Nearly a year ago, I wrote a blog post detailing a large importing project I had begun to undertake. (Sadly?) As I publish this it is my final day Gloucestershire Archives. I will be jumping across the country to West Sussex, and so I thought it would be worthwhile to write about all the hard work our volunteers have contributed to our catalogue. Many of these collections have now been listed to piece level, providing greater detail with names, occupations, dates and other information that will undoubtedly come in handy for family and house historians. To list them first crudely, these collections have now had additional information added to their series and items:
A page from DA26/226/1 – Record of Arrivals by Dursley Rural District Council during World War One, now listed at piece level entry on our Online Catalogue
When was the last time you smacked your funny bone? That’s an unfair question really, as I can’t remember when I last did it. Maybe you did it last week though. Or yesterday. There might even be someone reading these words right now and they are just about to reach out for a cup of tea and – wallop – the sharp edge of a table or chair goes right into their elbow joint.
I could write anything now, as they won’t be reading this at all. They will be grabbing their elbow instead, which will be fizzing with pain. The pain will slowly grow and steadily move up their forearm and into their fingertips. It will feel as though their entire arm has been attacked by twenty crazed cheese graters. Their face will be screwed up in agony and they will be attempting to recite all of the known swear words in the English language. Plus a few unknown ones too, for good effect.
There is one thing that is certain though: funny bones are anything but funny. Funny bones don’t tell hilarious anecdotes. Funny bones don’t play the make-yourself-dizzy game and then fall headfirst into a hedge. That is funny. So why are they called funny bones? Surely they should be called agony bones or arrrggghhh bones.
In my post yesterday I promised you two treasures from the Hicks Beach family archive. Ellice’s Victorian Christmas cards were the first, but for the second I want to take you nearly a century further back in time to the 1820s, where we meet Ellice’s great-aunt Jane Martha Hicks Beach and her book of riddles.
Jane Martha was the youngest sister of Ellice’s grandfather William, and after William’s wife (also called Jane) died, she helped him bring up his children. Jane was the family’s maiden aunt until she was 47 when she married a man called Edward St John, and she was known as “Aunt Jane” to at least two generations of the family. Ellice will have known her, as she didn’t die until he was seven years old.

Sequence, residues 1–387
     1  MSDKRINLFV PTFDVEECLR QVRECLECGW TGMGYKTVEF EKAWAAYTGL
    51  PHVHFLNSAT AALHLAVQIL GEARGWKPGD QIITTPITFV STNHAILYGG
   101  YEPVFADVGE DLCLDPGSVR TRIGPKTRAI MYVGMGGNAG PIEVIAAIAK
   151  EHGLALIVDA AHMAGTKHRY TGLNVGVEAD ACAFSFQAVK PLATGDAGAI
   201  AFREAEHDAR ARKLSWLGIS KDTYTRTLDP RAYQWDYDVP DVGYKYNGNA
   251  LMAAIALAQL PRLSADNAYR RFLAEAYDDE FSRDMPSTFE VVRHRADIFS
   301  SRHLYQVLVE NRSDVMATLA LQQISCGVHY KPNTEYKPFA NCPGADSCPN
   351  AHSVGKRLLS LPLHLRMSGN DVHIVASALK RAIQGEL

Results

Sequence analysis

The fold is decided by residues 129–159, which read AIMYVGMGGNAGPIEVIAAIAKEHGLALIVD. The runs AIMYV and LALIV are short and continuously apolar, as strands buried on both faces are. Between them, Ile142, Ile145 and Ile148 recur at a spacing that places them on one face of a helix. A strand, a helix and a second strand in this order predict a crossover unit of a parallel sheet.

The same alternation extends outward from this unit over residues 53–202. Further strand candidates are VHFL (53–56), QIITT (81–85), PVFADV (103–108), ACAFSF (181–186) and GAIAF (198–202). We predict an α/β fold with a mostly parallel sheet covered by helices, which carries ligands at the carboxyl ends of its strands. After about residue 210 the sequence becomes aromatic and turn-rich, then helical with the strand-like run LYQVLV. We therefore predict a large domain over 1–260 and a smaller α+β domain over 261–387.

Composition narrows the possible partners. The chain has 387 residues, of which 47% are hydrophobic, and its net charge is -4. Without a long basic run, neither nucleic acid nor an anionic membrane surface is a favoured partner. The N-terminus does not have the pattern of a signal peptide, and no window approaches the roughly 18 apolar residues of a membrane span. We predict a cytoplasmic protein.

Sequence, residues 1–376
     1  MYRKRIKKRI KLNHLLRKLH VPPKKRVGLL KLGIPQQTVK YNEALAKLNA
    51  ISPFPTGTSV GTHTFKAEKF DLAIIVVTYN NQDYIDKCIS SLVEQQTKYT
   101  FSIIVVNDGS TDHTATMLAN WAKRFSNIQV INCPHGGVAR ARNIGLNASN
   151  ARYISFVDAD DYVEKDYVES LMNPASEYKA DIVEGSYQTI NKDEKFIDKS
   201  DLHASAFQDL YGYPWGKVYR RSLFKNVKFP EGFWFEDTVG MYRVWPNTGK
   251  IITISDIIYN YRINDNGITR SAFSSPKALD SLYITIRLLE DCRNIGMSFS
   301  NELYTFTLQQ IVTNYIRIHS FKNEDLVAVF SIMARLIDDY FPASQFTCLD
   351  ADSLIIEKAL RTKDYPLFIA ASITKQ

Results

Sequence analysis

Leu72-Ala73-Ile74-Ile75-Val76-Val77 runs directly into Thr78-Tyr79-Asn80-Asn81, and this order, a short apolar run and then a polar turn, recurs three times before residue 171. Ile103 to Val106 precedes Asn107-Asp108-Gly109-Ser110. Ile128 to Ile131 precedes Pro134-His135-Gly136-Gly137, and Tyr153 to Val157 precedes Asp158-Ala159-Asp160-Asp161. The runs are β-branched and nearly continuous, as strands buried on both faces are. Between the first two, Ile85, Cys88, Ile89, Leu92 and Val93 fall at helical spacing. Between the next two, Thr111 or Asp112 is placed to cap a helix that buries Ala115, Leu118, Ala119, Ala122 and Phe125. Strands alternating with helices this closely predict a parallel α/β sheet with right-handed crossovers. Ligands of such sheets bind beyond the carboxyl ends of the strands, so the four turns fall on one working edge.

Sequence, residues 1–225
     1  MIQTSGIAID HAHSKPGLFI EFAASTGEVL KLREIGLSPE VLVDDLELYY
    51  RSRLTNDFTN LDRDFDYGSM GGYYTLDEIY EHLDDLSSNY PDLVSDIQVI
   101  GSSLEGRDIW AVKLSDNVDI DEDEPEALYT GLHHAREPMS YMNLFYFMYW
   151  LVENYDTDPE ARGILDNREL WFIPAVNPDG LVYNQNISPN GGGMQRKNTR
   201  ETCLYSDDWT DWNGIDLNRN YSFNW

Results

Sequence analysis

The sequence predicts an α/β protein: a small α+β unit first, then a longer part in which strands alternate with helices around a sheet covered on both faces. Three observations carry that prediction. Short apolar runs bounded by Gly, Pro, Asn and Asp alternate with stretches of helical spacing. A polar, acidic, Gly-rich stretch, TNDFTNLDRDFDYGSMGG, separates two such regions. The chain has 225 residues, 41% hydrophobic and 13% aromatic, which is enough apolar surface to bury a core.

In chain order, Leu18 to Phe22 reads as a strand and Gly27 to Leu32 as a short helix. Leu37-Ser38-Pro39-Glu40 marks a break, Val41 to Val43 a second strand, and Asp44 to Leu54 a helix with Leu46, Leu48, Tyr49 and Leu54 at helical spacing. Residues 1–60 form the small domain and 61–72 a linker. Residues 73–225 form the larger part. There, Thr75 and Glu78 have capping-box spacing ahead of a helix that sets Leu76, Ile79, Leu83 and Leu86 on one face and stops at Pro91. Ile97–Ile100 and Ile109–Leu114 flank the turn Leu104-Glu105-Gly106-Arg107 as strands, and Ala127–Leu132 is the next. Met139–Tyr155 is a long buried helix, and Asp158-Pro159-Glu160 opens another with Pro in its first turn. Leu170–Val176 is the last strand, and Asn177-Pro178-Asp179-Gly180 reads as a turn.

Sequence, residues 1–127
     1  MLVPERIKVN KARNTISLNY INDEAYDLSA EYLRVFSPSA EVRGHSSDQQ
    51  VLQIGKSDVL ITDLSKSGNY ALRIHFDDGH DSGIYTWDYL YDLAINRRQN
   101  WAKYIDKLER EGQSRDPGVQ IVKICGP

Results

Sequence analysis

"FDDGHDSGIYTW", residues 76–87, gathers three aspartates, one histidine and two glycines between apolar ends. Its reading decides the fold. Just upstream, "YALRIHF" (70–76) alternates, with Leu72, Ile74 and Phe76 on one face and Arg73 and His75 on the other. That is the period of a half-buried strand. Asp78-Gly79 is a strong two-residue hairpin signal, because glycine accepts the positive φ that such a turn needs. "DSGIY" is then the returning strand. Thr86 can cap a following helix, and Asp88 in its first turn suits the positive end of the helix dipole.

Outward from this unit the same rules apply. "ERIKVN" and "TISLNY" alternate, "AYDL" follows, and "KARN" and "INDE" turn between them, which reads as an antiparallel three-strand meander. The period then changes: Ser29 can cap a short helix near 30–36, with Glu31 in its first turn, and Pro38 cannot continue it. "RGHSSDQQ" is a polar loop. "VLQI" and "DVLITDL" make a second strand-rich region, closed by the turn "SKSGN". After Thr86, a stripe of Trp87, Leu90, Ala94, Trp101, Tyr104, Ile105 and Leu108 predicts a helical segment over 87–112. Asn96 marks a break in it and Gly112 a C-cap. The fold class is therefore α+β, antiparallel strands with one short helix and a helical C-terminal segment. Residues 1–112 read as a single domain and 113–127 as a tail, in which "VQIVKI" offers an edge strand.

Jane was a talented artist and was interested in botany and photography; the collection also includes some of her sketchbooks and photographs. She also seems to have had a fairly keen sense of humour, as the riddles in her book will show you. Many of them don’t make sense to modern eyes, some of them rely on early 19th century cultural knowledge, and some of them are a bit of a stretch, to say the least, but some of them still make sense (and are groan-inducingly funny) today. We have been posting some of them on our social media this last week, with their answers, but to entertain you over Christmas week, I thought I’d put together a few without their answers for you to puzzle over. Answers will follow in the New Year! Continue reading →
One of my favourite collections of all those I’ve catalogued over the years is the archive of the Hicks Beach family of Williamstrip in Coln St Aldwyn, Netheravon in Wiltshire, and Oakley in Hampshire. It is full of all sorts … Continue reading →
As part of our work on the County Council’s archive, my colleague Helen and I have spent the last couple of years cataloguing social care and education records relating to the safeguarding of children. We are delighted to report that our work has been featured in the National Archives’ latest annual review – here is what it says: Continue reading →
Personally, coach journeys are never something I look forward to. If there is any form of alternative transport available instead of a coach, I will always opt for that. Trains, planes, cars, tractors, ferries, speedboats, horseback, rickshaws, go-karts, arthritic camels and carrier pigeons are all preferable to coach travel, even though human-lifting carrier pigeons haven’t yet been invented.
I think my coach travel aversion was formed during school field trips away, where I’d spend the whole excruciatingly long journey doing my very best to make sure I wasn’t ill. Even now, the smell of coaches instantly brings back the intense and uncomfortable feelings of nausea that I felt back then, which sadly starts the whole process off again.
However, here’s the thing: when I travel on buses, I feel absolutely fine. The impending feeling of doom just doesn’t materialise. And yet, it’s essentially the same vehicle. I have never been able to work that out, and therefore find a cure, much to the disappointment of National Express executives everywhere. Continue reading →
There’s been lots of respectful remembrance activity across Gloucestershire over the last week, and it’s not quite finished yet. If you’re attending Cheltenham races on Sunday (18th), please make time to pop into the Centaur for a day long programme of activities and displays called Gloucestershire and Racing Remembers. Gloucestershire Archives will have a presence, in partnership with Cheltenham Local History Society.
An image appearing in the Cheltenham Chronicle and Gloucester Graphic for Saturday 16 March 1918. When the racecourse should have been celebrating the annual National Hunt festival, it was instead being used as a VAD Hospital.